142-68. Fine for continued trespassing by animals
In case cattle, horses, mules, asses, sheep, swine, or goats trespass on any land, the owner of the animals, if known, shall be notified by the owner or occupier of the land trespassed upon, and if the owner of the animals does not remove them within twenty-four hours, if the animals are trespassing on a homesite, garden, or truck farm, or within forty-eight hours, if the animals are trespassing on any other type of land, the owner of the animals shall be subject to penalties as provided in section 142-12.


142-69. Stallions
Every person on whose land any stallion of twelve months old or upwards is found trespassing, may, without any notice, cause the stallion to be impounded, and the owner shall pay to the person upon whose land the trespass is committed $10 for every trespass, to be collected by the pound keeper as provided by any ordinance relating thereto.


142-70. Expenses, driving, etc
In all cases when animals are taken up for trespass, the actual expenses reasonably incurred, which shall include, but not be limited to allowances for employees' wages, equipment cost, transportation cost, feeding cost, cost of advertising notice, and other costs related to the catching, driving and conveying of animals, to be established by ordinance by the councils of the counties of Hawaii, Maui and Kauai and the city and county of Honolulu, in addition to forfeits and damages specified in the preceding sections of this part may be assessed against the owner of the animals.


142-71. Procedure to recover animals; owner notified before impounding
Where any animals are taken up for trespass, the owner, if known, shall be immediately notified, if reasonably practicable, of the fact, and of the amount of damage and trespass fees claimed, and if the owner refuses or fails to pay the legal charges, or in case the owner is unknown, then the animals shall be impounded forthwith.


142-72. Procedure, if owner believes impounding illegal
If the owner of any animal taken up for trespass, has reason to believe that the taking up or impounding of the animal was illegal, or if he regards the claim for damages or expenses as excessive, he may have his animal returned to him upon his delivering to the land owner or to the pound keeper, if the animal has been impounded, a certificate from any district judge of the circuit, stating that he has deposited with the judge the amount claimed by the land owner, together with the pound fees, if any, or a good and sufficient bond for the same and the costs of an action before him.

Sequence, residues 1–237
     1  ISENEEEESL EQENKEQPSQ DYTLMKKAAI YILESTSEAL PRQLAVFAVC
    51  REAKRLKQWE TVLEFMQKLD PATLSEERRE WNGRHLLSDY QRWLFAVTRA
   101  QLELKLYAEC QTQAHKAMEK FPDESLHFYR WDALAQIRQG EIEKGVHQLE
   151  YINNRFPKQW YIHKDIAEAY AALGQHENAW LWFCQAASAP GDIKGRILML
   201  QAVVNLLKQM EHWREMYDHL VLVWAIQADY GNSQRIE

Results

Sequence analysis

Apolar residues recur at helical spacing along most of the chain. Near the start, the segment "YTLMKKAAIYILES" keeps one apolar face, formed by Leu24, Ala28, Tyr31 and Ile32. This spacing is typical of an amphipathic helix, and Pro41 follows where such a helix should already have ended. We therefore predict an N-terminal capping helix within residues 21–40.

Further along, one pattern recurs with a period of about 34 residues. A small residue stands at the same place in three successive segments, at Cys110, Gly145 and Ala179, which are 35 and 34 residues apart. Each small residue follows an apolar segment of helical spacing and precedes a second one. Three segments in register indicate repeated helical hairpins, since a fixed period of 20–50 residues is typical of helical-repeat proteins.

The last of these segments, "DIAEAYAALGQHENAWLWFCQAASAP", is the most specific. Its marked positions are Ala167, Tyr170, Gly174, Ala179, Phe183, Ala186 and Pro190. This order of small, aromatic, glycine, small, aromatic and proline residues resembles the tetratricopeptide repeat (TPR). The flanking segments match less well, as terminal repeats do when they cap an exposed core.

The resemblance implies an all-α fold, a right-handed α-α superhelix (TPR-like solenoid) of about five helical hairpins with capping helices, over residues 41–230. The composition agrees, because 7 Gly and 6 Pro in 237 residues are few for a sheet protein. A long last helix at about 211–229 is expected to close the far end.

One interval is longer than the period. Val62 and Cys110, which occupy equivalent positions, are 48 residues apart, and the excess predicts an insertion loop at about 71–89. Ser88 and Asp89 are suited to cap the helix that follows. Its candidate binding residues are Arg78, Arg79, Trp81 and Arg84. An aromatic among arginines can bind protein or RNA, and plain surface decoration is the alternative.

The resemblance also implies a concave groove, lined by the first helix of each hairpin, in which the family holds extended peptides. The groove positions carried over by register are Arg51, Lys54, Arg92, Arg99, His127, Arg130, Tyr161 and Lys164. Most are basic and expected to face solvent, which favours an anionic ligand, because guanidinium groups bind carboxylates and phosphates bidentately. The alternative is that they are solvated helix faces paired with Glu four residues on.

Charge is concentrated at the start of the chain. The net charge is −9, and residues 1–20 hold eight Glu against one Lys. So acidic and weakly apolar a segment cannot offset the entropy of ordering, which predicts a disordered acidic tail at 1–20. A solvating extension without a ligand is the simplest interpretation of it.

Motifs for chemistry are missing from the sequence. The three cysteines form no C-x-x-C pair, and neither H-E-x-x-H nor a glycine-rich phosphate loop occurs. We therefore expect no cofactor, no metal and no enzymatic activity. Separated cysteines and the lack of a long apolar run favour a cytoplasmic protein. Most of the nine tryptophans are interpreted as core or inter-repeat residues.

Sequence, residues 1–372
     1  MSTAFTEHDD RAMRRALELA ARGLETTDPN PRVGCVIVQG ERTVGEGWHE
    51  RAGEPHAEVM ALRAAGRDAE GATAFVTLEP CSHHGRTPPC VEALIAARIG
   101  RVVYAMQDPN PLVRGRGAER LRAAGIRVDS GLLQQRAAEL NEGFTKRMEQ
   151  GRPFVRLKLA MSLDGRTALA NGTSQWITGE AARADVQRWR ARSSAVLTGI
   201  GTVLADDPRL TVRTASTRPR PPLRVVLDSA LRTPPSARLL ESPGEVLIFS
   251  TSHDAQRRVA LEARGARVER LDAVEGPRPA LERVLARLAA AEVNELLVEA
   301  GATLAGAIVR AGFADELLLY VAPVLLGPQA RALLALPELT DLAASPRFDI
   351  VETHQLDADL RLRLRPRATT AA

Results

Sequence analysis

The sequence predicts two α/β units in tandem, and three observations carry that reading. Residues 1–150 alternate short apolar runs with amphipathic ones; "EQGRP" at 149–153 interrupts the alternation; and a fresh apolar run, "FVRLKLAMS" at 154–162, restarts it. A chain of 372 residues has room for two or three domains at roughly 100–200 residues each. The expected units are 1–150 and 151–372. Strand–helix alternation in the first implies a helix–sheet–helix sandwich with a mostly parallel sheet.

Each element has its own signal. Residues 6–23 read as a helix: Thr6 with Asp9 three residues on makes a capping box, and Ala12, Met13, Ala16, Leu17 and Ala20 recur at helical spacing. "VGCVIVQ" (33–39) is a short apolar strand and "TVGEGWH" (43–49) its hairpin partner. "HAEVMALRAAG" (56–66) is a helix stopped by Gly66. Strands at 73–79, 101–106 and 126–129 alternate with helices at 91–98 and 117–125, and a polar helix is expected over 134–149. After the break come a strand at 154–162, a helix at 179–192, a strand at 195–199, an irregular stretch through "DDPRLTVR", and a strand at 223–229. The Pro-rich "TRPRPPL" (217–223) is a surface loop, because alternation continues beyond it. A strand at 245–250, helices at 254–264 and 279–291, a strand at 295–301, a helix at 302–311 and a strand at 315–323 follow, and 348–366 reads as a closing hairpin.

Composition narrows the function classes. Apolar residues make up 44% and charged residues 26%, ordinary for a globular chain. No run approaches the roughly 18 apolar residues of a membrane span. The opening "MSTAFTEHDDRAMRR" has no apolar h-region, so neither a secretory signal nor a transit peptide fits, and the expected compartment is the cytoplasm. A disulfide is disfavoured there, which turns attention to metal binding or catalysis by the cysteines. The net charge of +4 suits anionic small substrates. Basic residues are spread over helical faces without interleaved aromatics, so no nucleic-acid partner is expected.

142-73. Jurisdiction; appeal
The judge shall upon receiving the amount claimed, including pound fees, if any, or a good and sufficient bond for the amount, and the costs of the action, issue the required certificate, and at the same time summon the parties to appear before the judge with their witnesses; and after a fair hearing the judge shall decide between them. No appeal shall be allowed from the judge's decision unless taken and perfected within five days after the decision has been rendered. In case of appeal the judge shall send up the costs deposited, and the amount claimed or the bond given in lieu of the amount, to the appellate court together with the certificate of appeal. If it appears on trial that the impounding was illegal, the land owner shall be compelled to pay the pound fees.


142-74. Liability of dog owner; penalty
If any dog, while on private property without the consent of the owner of that property, injures or destroys any sheep, cattle, goat, hog, fowl, or other property belonging to any person other than the owner of the dog, the owner of the dog shall be liable in damages to the person injured for the value of the property so injured or destroyed. The owner of the dog shall confine or destroy the dog, and if the owner of the dog neglects or refuses to do so, the owner of the dog, in the event of any further damage being done to the person or property of any person by the dog, in addition to paying the person injured for the damage, shall pay the costs of the trial together with the penalty imposed under section 142-12, and it shall be lawful for any other person to destroy the dog.


142-75. Human bitten by dog; duty of dog owners; action against owner
(a) The owner of any dog which has bitten a human being shall have the duty to take such reasonable steps as are necessary to prevent the recurrence of such incident.

(b) Whenever a dog has bitten a human being on at least two separate occasions for which none of the exceptions specified in section 663-9.1 apply, any person may bring an action against the owner of such dog in the district court of the judicial circuit in which such owner resides, to determine whether conditions of the treatment or confinement of the dog or other circumstances existing at the time of the bites have been changed so as to remove the danger to other persons presented by such animal. The court, after hearing, may make any order it deems appropriate to prevent the recurrence of such an incident, including, but not limited to, the removal of the animal from the area or its destruction by its owner. In making its decision, the court may consider (1) the vicious or dangerous propensities of the animal, (2) the ability of the owner to adequately confine or remove the animal, and (3) the necessity of any destruction of an animal in light of the health, safety and welfare of the community. This section shall not preclude any existing common law remedies.


Reviewed by AAHS in December 2001.